Situated on top of, coplanar with, and in close contiguous contact to the lower outer sealing plate 20, is the lower inner sealing plate 24.
Located at the opposite upper end of the test cell housing 16, is a perpendicular upper housing flange 25, to which is affixed an upper outer sealing plate 26, by bolts (not shown). Situated coplanar to the inner surface, 26A, of the upper outer sealing plate 26, and in close contiguous contact therewith, is an upper inner sealing plate, depicted here as 28.
The four sealing plates, 20, 24, 26, and 28, that are described above, are each essentially disc-like and circular in configuration, with each sealing plate having a centrally-disposed opening 30, therein. These openings, 30, allow for both the alignment of and the extension through the sealing plates, as well as movements 60, vertically and rotationally, of the test pipe segment 14, during the testing phase operation.
It is to be noted that the test pipe segment 14, prior to its emplacement centrally into the test apparatus 10 of the present invention, will typically have an anti-corrosion protective coating, shown here as 15, previously applied to the test pipe segment outer surface 17.
FIG. 1, shows a partially complete vertical cross-section of the test pipe segment 14, with the upper section of the test pipe segment 14, shown not in cross-section, and over-layered with a helically arranged anti-corrosion tape-like coating 15.
FIG. 2 is a cross-sectional view taken along line A--A of FIG. 1 of an exemplary embodiment of the soil stress apparatus of the present invention.
Surrounding the centrally disposed test pipe segment 14, is a contiguously-located, cylindrically-shaped, soil reservoir, depicted herein as 32. Soil material 34 of all types, from finely divided peat or clay particles, to various-sized gravel particles, may be readily utilized in the soil reservoir 32 of the present invention.
These soils, 34, may represent actual samples of soil in the area of intended future pipeline construction.
The soil reservoir 32 is defined by the vertically oriented, centrally-located test pipe segment 14, with its adherent anti-corrosion protective coating 15, by both the lower inner sealing plate 24 and the upper inner sealing plate 28, as well as by a discrete soil reservoir membrance 36.
The soil reservoir membrance 36 is a conformable generally, sheet-like structure, composed of rubber, or the like, that surrounds the soil material 34, located in the soil reservoir 32. Surrounding and contiguous to the soil reservoir membrane 36, in a discrete gas pressure space 38. The gas pressure space 38, is a region located between the outer surface 40 of the soil reservoir membrane 36, and the inner surface 42 of the test cell housing 16.
The gas pressure space 38 is a region that is filled with a gas, such as air, or the like, under pressure and supplied from an external gas supply (not shown) through a gas supply inlet 44, entering the housing 16. A gas pressure regulator valve 47 controls the desired pressure, and a gas pressure gauge 46, indicates the gas pressure contained in the gas pressure space 38.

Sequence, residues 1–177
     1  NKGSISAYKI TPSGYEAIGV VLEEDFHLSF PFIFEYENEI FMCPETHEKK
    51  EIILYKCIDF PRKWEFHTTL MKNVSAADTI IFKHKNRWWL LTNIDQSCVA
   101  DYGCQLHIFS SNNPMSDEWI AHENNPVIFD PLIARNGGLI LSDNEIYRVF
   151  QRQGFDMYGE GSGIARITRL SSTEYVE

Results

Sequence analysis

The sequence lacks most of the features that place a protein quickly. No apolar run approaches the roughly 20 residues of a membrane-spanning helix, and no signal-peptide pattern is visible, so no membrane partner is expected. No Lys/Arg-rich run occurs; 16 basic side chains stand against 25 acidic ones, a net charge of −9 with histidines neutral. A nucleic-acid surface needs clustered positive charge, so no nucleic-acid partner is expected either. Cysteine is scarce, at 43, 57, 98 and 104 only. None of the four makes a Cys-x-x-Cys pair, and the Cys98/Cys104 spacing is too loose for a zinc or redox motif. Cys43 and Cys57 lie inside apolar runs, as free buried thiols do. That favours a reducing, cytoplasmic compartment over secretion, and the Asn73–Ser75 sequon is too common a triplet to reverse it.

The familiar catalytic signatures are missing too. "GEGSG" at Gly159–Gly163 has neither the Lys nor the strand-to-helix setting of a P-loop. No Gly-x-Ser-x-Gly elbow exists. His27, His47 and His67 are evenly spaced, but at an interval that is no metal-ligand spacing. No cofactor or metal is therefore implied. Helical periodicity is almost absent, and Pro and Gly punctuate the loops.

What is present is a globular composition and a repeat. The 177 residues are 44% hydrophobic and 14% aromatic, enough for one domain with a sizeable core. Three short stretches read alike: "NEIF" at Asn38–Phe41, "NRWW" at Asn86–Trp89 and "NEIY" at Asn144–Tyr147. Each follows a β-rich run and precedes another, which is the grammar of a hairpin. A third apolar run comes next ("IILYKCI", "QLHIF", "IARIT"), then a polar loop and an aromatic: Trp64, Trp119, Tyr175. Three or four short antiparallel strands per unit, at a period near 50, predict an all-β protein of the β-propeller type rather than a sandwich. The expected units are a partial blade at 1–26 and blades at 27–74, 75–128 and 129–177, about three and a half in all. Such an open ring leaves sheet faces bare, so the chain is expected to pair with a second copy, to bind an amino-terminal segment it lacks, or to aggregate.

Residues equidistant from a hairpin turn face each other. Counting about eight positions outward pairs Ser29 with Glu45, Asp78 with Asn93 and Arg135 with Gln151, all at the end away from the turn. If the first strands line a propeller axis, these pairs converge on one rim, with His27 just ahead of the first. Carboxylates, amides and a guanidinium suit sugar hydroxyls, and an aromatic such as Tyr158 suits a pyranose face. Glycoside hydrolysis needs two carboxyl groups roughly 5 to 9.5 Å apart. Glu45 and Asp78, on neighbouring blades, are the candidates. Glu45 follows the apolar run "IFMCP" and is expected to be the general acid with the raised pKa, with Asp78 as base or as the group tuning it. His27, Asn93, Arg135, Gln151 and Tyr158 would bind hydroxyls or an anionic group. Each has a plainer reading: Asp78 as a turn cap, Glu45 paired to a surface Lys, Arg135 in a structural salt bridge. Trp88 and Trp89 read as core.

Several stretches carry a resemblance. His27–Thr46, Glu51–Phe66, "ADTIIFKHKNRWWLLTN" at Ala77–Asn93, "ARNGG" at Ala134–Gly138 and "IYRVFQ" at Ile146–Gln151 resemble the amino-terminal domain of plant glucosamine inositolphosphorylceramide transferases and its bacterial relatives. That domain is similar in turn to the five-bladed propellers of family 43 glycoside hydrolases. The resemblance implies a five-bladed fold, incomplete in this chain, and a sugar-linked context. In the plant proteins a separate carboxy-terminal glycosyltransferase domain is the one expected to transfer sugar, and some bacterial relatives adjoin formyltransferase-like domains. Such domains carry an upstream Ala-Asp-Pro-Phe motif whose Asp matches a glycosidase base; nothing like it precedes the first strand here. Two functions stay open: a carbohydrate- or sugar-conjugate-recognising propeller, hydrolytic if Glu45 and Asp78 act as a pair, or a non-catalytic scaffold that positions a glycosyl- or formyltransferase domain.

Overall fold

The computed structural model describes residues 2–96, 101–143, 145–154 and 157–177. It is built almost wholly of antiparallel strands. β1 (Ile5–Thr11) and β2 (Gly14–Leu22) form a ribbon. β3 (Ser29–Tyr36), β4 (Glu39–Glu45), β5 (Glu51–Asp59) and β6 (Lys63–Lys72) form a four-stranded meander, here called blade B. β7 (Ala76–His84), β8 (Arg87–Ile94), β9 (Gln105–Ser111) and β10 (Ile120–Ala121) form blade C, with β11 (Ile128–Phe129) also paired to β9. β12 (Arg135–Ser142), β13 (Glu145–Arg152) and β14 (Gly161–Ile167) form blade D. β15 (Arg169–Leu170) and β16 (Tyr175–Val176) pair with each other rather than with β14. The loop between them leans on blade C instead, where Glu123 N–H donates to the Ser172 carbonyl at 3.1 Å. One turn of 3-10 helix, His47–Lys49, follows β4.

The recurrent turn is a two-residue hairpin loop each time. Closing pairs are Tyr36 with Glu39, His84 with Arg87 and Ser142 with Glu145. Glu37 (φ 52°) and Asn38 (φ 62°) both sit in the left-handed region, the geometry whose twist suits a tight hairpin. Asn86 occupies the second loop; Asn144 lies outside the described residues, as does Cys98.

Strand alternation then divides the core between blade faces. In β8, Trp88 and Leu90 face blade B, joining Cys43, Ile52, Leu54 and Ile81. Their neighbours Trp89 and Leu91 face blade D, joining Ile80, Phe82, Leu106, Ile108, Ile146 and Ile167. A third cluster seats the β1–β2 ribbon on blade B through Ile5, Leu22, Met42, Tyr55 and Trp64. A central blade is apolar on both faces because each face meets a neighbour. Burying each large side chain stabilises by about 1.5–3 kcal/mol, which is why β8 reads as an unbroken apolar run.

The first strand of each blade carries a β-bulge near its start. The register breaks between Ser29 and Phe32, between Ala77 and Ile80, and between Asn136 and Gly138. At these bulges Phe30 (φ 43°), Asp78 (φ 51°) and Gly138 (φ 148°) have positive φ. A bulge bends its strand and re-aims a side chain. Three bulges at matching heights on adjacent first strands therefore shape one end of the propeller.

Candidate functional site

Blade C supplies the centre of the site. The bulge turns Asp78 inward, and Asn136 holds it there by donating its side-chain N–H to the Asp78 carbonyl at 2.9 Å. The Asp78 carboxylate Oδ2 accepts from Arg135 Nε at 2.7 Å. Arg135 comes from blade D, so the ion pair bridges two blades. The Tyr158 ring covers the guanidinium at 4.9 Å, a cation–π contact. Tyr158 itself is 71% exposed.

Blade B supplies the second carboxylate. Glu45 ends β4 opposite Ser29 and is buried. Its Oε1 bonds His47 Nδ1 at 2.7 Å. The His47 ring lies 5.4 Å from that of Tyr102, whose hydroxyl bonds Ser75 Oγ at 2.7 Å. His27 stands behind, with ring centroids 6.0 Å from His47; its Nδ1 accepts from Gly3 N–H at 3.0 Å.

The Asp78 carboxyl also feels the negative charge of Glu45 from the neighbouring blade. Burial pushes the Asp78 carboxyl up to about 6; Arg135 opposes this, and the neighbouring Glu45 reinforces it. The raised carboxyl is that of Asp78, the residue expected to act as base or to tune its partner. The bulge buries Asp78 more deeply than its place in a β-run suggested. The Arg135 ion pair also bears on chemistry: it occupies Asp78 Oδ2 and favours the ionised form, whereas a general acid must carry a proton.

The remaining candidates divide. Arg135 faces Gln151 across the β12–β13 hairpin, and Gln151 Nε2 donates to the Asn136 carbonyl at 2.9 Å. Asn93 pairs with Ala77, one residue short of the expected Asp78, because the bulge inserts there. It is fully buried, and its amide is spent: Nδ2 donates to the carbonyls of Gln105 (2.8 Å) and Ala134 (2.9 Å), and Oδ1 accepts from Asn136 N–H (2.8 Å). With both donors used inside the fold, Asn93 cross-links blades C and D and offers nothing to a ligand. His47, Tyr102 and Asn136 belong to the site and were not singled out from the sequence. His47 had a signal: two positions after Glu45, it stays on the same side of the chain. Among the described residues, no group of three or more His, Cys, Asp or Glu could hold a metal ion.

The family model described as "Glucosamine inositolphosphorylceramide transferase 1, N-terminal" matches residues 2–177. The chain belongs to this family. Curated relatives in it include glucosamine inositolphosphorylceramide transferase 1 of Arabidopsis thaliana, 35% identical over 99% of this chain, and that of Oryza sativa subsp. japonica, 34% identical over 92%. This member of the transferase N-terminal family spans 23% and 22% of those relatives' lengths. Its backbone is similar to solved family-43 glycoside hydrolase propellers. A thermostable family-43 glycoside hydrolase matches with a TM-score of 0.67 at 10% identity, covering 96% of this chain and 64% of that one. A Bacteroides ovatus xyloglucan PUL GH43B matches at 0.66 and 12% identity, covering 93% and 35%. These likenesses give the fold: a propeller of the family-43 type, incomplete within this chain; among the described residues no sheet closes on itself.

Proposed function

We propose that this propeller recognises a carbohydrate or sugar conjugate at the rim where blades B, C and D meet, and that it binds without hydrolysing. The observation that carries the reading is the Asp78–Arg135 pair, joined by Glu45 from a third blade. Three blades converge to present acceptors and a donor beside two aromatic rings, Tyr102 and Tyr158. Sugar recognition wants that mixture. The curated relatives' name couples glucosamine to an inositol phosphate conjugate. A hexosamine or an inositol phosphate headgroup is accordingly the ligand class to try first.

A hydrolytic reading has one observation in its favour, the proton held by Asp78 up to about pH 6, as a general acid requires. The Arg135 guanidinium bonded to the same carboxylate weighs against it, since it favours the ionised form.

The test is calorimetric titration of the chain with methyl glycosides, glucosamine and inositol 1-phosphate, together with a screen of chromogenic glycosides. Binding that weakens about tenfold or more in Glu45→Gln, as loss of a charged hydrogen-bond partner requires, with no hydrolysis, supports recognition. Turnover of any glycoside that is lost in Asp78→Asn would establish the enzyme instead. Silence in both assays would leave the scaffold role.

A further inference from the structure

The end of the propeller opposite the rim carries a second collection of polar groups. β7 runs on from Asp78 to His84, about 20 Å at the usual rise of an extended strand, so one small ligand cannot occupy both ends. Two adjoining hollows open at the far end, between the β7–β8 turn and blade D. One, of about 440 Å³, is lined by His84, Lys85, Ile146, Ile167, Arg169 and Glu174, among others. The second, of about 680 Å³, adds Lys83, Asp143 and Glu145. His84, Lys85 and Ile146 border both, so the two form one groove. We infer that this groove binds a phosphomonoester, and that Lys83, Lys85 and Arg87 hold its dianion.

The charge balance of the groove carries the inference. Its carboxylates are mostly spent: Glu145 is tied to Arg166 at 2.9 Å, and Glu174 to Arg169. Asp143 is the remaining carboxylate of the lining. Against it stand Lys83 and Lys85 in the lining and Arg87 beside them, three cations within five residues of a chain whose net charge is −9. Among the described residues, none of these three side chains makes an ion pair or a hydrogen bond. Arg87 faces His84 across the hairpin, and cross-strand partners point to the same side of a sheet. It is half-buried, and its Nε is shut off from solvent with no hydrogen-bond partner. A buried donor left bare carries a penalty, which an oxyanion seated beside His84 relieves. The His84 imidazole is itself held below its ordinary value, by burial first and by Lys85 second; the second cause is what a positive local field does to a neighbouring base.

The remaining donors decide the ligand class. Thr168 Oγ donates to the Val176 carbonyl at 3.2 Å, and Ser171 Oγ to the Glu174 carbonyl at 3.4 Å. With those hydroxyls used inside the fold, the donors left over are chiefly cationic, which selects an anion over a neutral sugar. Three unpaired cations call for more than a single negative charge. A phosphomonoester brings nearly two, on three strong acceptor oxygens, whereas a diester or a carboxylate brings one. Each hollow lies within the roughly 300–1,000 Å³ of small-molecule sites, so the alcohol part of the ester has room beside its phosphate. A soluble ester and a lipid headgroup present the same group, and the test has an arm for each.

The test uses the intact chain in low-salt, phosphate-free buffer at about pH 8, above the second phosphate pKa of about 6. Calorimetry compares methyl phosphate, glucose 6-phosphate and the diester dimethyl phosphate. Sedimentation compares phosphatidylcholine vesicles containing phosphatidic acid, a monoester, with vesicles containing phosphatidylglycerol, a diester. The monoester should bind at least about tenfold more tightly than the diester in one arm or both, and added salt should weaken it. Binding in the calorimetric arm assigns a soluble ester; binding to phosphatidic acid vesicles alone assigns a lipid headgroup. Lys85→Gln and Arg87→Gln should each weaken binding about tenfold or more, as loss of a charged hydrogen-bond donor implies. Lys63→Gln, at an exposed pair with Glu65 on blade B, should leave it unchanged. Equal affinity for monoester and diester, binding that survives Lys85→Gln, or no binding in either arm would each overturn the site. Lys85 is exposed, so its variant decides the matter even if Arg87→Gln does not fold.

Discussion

It is also to be noted that four O-rings, 50, 52, 54, and 56, respectively, which are in contact with both the sealing plates 20, 24, 26, and 28 as well as the flanges 21 and 25 of housing 16, effectively seal from gas pressure leaks, the pressure space 38, located between the soil reservoir membrane outer surface 40, and the inner surface 42 of the housing 16. Pressure clamps, 44 and 45, connect the soil reservoir membrane 36, to both the upper and lower inner sealing plates 28 and 24, also effectively sealing the gas pressure space 38.
The pressure gauge 46 records the gas pressure that is being maintained within the gas pressure chamber 38. The gas pressure in the gas pressure chamber 38, is controlled preferably by a 0-10 psi pressure regulator, 47.
FIG. 3 is a simple perspective view of an exemplary embodiment of the present invention in a working position with a universal testing apparatus.
In the preferred embodiment, a universal testing machine 12, which is capable of compressive and tensile loads, on the order of 5,000 pounds, and having an opening between the outer upright columns of at least 18 inches, is used to obtain the requisite movements 60, of the test pipe segment 14, during the testing period.
As mentioned earlier, an Instron Model 1123, 12, or the like, universal testing machine, is used in the preferred embodiment to control the desired movements of the test pipe segment 14 during the test period. The upper portion of the test pipe segment 14 is readily attached to the crossbar sleeve 53, of the crosshead 49, of the universal testing machine 12, by means of a connecting crosspin 51, said crosspin being also inserted into holes 55, located in the upper end of the test pipe segment 14.
In order to be able to simulate "normal" elevated pipeline operating temperatures during the testing phase of the present method, a cartride-type heater (not shown), is inserted within the interior space 58 of the test pipe segment 14. The cartridge-type heater is controlled by a type J, or the like, thermocouple (not shown), that is inserted underneath the anti-corrosion protective coating 15, surrounding the test pipe segment 14. Insulation, located at the top of the test pipe segment 14, prevents heat damage to a crosshead mounted load cell (not shown).